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Nadine Gordimer’s July’s People

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1 Nadine Gordimer’s July’s People
An Introduction including Cultural Context

2 Nadine Gordimer images taken from < ../pages/April_14.htm>

3 Nadine Gordimer Born in 1923 in Springs, South Africa
1991 Nobel Prize of Literature Winner Daughter of Isidore and Nan Gordimer (Jewish immigrant parents)  Has witnessed how the minority white people weakened the rights of the majority black people since she was a child.

4 Written in 1981 in the wake of uprisings of the 1970s, July’s People is the imagined end to South African Apartheid. Gordimer’s prophecy was bleak and cynical, and predicted an overthrow of the apartheid system by Black South Africans July's People captures the mood of a South Africa expecting revolutionary violence just like that experienced by neighboring countries. Instead of writing about a revolution, however, the novel assumes such an event will happen and imagines what affect it might have on a liberal white family. In this case, the family decides to accept their servant's offer of refuge and flee to his village to wait out the war. Cultural Context

5 Apartheid  was a system of legalized racial segregation enforced by the National Party (NP) South African government between 1948 and 1994. With the foundation of the Union of South Africa in 1910 (first as a British dominion),racial segregation began to be officially implemented through The Native’s Land Act of 1913. This first piece of segregationist legislation was intended to restrict the ownershipand acquisition of land by blacks throughout the four provinces of the Union of SouthAfrica. When the Afrikaner Nationalists (the National Party) came to power in 1948, the system of apartheid was systematized and institutionalized under extensive legislation. The implementation of the policy was made possible by The Population Registration Act  of 1950, which put all South Africans into three racial categories: Bantu (black African), White, or Coloured (of mixed race). A fourth category, Asian (Indians andPakistanis), was added later. Having legalized racial segregation through the previousAct, the Afrikaner government further enforced the system of apartheid by a series of laws passed in the 1950s. Apartheid

6 Various laws applied in the use of public facilities, like chairs, toilets, bus stops, stair-cases, etc. By Mzoli Mncanca

7 Warnings By Mzoli Mncanca

8 Student Uprising: 1976 Black students were forced to learn in Afrikaans. Protests against Afrikaans started. More than 500 black students killed by white policemen. More than a thousand men, women and children wounded. By Mzoli Mncanca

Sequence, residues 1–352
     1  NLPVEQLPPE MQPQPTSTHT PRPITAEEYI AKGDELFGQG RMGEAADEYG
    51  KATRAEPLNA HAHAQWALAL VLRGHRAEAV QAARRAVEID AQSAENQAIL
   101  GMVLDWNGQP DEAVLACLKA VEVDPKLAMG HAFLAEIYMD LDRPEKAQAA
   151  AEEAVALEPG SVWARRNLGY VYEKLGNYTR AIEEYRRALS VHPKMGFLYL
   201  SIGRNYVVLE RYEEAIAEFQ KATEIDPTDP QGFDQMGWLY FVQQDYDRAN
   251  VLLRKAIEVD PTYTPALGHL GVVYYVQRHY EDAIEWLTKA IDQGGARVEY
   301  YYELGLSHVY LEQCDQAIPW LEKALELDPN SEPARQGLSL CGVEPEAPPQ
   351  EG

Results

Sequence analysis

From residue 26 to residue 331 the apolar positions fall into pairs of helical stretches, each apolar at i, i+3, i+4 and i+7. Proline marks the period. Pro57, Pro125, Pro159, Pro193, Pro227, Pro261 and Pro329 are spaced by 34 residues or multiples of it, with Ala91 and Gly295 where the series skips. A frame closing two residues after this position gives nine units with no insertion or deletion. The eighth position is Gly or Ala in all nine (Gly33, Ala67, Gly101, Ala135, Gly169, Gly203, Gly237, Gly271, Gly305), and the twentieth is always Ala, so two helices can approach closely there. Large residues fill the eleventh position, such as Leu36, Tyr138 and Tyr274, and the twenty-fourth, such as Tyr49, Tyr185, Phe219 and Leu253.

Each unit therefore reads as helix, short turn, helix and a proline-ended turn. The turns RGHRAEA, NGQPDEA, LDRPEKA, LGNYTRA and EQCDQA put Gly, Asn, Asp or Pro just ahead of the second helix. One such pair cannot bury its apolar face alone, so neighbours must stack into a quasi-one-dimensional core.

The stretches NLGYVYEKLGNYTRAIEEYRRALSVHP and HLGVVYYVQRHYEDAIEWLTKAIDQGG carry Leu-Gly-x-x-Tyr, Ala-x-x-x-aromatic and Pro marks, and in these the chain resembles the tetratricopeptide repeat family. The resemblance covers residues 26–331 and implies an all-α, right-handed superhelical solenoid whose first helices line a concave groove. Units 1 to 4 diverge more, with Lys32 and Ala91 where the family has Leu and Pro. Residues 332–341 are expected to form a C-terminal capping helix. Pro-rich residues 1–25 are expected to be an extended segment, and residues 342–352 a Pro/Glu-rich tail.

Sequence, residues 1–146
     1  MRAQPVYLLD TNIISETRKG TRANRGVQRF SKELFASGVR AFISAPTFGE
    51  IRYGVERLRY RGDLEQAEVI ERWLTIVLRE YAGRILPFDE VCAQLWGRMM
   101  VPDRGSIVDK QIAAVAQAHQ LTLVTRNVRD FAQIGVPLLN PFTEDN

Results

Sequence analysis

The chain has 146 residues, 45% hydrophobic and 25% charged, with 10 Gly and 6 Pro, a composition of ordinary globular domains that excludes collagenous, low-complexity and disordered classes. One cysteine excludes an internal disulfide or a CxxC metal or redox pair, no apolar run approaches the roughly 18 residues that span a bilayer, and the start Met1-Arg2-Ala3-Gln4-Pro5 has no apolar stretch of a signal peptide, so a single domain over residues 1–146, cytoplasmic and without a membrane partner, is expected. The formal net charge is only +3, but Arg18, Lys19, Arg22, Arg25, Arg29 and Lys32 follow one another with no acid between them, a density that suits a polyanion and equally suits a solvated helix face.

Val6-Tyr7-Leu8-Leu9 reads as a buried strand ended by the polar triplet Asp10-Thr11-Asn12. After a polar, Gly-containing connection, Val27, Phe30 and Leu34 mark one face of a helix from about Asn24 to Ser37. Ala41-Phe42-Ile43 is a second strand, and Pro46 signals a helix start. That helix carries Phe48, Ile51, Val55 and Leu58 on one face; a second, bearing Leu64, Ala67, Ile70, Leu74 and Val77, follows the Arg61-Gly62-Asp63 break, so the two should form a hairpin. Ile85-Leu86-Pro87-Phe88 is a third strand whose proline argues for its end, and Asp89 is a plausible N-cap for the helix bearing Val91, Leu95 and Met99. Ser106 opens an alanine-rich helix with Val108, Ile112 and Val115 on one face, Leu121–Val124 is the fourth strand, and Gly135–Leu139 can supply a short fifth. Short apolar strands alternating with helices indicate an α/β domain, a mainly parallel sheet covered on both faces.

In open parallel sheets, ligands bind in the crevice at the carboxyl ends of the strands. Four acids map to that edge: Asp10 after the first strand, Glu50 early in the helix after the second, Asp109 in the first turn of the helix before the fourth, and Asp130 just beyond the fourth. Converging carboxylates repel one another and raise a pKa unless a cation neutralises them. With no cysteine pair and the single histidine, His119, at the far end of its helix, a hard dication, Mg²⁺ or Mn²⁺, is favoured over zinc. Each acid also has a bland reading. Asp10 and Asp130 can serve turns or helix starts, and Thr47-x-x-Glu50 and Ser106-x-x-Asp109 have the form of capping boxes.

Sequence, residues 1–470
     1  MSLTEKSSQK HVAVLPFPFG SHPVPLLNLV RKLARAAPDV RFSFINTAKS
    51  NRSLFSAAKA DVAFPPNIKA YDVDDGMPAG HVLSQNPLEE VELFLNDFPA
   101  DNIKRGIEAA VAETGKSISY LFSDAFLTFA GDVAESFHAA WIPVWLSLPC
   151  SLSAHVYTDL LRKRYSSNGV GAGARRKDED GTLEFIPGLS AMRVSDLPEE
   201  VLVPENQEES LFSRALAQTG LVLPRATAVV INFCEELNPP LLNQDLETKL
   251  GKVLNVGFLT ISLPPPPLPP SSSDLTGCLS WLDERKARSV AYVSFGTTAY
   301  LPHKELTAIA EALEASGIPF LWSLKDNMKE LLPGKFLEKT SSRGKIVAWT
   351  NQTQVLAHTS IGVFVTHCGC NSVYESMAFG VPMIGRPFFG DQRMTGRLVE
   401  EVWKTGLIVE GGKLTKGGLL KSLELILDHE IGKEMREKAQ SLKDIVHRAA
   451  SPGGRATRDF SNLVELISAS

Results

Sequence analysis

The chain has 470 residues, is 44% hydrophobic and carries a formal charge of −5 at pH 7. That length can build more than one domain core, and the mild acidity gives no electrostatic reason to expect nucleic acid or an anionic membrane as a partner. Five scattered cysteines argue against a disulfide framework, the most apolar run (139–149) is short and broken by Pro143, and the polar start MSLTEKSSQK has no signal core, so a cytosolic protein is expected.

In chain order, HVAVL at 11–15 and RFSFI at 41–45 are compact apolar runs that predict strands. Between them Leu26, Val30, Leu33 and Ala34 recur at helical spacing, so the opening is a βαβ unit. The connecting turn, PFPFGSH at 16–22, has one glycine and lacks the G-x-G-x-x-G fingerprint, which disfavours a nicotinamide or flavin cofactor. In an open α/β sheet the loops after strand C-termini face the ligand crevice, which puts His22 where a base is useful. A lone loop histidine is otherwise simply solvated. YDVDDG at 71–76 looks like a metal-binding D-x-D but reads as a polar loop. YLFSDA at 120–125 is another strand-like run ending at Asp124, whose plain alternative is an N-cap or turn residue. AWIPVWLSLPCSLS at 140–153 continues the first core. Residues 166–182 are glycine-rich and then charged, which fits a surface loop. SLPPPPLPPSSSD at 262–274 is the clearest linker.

9 Novel’s Epigraph “Interregnum” “The old is dying and the new cannot be born; in this interregnum there arises a great diversity of morbid symptoms.” – Antonio Gramsci Prison Notebooks Definition = gap between governments or social structures What is the tone of the epigraph towards the new? What word choices suggest this? Thus, what is Gordimer’s take on it?

10 Important Themes & Ideas of novel
Power shifts between “master” and “slave”, between the “colonized” and the “colonizer” Critique of white liberalism Critique of complicit, unknowing racism Exposing the falsity & hollowness of class / social structures Effect of language on power dynamics Effect of gender on power dynamics

11 Even though the novel is told in 3rd person narration, the protagonist is clearly Maureen Smales. Gordimer’s disassociating and jarring style mimics the jarring uprooting of Maureen from her comfortable upper class white existence. Disorienting sentences / paragraphs for you = connect to meaning for the character. Gordimer’s Style

12 Symbols of modern world: the gun, the Bakkie & keys, the things the family brings along, Coca-Cola, toilet paper, the radio, etc. Symbols of the future (the children) Minor characters (Martha, the Chief, July’s protégé, etc) The body The boar hunt Etc. Important Symbols

13 Connections to Ponder (come up with more)
Cloudstreet Urban vs. Rural settings Personal journeys of characters Water as renewal/cleansing Post-war dynamics Emasculation of male characters Children as Hope for the future The White Tiger Urban vs. Rural settings Master & Slave Role Reversal Revolution of the poor/oppressed Critique of colonization Exposing hypocrisy of upper class Connections to Ponder (come up with more)


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